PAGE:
This article goes beyond the principle of relative constancy (PRC) by testing 2 new models of consumer mass media spending using 1953-1991 Belgian data. Unlike traditional PRC models, which have focused exclusively on the long-term relationship between income and mass media spending, these 2 models contain additional regressors (price, population, unemployment, and interest rate) in current (Model 1) and lagged (Model 2) form. Time-series regression analyses were performed to determine which variables significantly predict changes in consumer mass media expenditures. Model 1 regressions revealed that price and population were better predictors of mass media expenditures than income, stressing the importance of developing models of consumer mass media spending that go beyond a simple mass media expenditures-income relation. Model 2 regressions showed that lagged variables played an important role in explaining changes in mass media expenditures, indicating the need for incorporating lags in future mass media spending work.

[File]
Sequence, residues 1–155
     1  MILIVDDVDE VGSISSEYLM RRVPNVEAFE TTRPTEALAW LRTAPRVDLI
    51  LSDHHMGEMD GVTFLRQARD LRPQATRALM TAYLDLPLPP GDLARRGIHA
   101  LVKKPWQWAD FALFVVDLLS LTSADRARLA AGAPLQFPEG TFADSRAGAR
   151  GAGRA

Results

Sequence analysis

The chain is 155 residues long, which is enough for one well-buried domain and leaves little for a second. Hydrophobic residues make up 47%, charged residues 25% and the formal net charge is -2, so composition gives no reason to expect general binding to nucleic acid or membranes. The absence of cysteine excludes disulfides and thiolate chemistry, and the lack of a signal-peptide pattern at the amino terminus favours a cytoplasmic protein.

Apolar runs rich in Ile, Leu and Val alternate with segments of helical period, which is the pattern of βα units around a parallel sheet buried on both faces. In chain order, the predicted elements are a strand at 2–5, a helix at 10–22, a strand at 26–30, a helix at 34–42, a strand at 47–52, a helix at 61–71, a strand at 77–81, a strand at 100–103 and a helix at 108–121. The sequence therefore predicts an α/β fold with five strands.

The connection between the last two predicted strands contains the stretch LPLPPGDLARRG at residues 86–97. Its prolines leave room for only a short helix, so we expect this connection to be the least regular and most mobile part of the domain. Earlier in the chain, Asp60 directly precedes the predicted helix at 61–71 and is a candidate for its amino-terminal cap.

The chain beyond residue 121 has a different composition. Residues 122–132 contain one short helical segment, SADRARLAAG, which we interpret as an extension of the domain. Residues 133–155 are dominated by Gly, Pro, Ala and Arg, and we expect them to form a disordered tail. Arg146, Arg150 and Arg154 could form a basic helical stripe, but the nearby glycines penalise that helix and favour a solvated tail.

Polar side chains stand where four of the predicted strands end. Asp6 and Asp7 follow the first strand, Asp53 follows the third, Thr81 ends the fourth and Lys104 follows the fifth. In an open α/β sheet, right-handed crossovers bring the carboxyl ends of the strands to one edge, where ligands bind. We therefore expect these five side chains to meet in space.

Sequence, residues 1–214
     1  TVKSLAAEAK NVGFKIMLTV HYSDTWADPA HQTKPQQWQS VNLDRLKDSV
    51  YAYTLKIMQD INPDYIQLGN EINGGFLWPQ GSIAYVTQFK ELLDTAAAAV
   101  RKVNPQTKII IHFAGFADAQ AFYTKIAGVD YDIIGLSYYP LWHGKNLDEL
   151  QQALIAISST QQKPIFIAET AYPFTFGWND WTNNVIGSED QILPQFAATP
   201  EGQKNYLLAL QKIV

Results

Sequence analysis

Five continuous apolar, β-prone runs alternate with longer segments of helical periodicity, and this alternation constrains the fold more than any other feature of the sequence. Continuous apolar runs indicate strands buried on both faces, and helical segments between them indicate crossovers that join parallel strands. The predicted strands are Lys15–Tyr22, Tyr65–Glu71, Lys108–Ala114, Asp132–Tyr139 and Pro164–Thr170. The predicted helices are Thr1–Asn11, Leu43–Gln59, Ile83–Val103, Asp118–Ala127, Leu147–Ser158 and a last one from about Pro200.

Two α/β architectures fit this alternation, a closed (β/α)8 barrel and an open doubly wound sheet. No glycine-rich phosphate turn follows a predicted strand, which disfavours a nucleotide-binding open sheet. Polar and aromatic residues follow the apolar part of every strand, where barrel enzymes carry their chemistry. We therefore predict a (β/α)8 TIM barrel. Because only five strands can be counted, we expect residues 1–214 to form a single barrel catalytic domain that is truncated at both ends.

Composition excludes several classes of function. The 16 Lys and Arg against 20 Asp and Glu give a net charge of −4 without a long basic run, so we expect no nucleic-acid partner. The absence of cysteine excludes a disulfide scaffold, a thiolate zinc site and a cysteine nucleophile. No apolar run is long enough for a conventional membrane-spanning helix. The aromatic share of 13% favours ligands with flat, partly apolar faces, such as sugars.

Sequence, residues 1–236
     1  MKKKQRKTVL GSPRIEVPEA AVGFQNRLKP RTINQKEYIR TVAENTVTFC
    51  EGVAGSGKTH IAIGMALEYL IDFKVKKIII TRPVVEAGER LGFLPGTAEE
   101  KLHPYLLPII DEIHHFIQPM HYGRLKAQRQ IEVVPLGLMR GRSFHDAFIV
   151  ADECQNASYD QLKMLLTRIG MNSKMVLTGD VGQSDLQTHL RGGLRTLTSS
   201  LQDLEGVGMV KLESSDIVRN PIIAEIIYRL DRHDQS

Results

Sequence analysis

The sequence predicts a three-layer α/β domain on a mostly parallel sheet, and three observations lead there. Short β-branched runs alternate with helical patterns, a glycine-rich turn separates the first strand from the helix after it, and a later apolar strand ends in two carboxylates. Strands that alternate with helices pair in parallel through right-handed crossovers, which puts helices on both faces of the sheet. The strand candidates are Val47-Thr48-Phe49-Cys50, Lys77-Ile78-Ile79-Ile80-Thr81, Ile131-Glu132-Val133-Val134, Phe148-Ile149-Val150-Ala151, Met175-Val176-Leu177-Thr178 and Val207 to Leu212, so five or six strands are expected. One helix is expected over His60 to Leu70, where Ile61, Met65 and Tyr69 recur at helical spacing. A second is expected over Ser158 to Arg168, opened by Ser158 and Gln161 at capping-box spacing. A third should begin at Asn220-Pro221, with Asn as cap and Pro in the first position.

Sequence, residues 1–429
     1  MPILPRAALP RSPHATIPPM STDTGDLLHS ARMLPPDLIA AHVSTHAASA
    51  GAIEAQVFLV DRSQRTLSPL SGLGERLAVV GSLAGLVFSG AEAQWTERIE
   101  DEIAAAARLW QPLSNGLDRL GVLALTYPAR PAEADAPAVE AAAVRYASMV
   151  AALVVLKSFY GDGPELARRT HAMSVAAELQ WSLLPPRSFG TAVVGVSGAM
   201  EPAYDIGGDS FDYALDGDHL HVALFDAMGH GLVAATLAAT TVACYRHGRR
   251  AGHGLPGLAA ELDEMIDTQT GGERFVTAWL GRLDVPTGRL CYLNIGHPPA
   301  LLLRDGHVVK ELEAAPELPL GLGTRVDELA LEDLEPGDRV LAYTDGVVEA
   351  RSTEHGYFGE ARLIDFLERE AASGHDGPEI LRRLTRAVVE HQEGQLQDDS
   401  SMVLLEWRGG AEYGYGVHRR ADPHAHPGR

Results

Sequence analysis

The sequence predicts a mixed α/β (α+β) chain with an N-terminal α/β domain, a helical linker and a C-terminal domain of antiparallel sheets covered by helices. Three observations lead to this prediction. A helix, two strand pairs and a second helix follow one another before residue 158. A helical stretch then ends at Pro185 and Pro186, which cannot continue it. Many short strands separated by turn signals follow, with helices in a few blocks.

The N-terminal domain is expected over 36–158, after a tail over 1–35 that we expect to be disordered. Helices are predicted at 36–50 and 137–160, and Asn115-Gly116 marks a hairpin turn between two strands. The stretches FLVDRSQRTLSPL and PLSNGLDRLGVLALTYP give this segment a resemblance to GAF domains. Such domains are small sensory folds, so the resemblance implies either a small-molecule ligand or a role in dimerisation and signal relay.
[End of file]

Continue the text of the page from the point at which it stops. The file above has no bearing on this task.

ASJC Scopus subject areas
- Economics and Econometrics